Dr. Sarah Roberts-Cady
Associate Professor and Chair, Political Science/Philosophy Department
Dr. Sarah Roberts-Cady, associate professor of philosophy and gender and women’s studies at Fort Lewis College, has long been dedicated to teaching her students to be critical thinkers. But just what does it mean to create a student who is a critical thinker?
For Sarah it means helping students learn skills such as identifying assumptions, both their own and others; finding and analyzing evidence for those assumptions; developing an understanding of different viewpoints before criticizing; asking questions; and, perhaps most importantly, cultivating a passion for learning.
It is through teaching philosophy, in addition to effective reading and writing skills, that Sarah is building critical thinkers and making a difference in her students’ lives.
Sarah’s own path toward teaching began with a high school philosophy class that inspired her. She was fascinated by the way that philosophy challenged her own basic assumptions about herself and the world around her. It was that excitement that led her to continue her studies in philosophy at Linfield College in Oregon and later at Purdue University, where she earned her Ph.D.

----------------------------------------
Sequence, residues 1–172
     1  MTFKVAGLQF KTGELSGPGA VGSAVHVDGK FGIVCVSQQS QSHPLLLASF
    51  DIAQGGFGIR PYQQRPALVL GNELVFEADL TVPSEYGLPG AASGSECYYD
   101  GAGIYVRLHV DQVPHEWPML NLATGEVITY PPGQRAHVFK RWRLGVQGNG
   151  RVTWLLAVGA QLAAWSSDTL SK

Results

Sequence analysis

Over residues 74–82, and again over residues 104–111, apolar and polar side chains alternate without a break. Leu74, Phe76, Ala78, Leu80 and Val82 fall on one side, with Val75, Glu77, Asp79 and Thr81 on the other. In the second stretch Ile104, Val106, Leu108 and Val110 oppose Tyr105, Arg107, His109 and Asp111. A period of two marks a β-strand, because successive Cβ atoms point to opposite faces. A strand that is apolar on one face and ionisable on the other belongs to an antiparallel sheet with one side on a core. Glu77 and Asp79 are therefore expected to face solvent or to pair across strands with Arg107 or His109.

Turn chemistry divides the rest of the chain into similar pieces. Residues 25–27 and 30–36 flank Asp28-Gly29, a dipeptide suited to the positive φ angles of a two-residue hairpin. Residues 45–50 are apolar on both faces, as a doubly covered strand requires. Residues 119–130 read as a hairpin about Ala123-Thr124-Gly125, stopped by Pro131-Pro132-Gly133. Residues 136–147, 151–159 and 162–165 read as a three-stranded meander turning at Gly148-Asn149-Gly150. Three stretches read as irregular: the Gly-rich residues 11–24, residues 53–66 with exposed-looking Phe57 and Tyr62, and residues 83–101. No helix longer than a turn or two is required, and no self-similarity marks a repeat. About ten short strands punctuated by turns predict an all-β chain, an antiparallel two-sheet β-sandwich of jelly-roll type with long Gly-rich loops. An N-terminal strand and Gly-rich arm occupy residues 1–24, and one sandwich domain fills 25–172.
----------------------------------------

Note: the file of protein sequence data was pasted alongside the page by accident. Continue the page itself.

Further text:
“I wanted to have answers to the biggest questions of our lives,” she says. “Questions like: What makes life meaningful? What is the best life to live? Of course, I am still searching for answers to those questions.”
Her continued search for answers is one of the characteristics that make her such an effective teacher.
“Perhaps most importantly, teaching students to think critically requires that I think critically too,” she explains. “I have to be as curious and excited about philosophy as I want them to be. I need to ask questions, to question my assumptions, to seek to understand others’ viewpoints, to look for evidence and reasons, and to nurture my own passion for learning. For this reason, I see my scholarship activities as closely linked to my teaching activities. I need to remain intellectually alive, in the classroom and outside it, in order to nurture the intellectual life of my students.”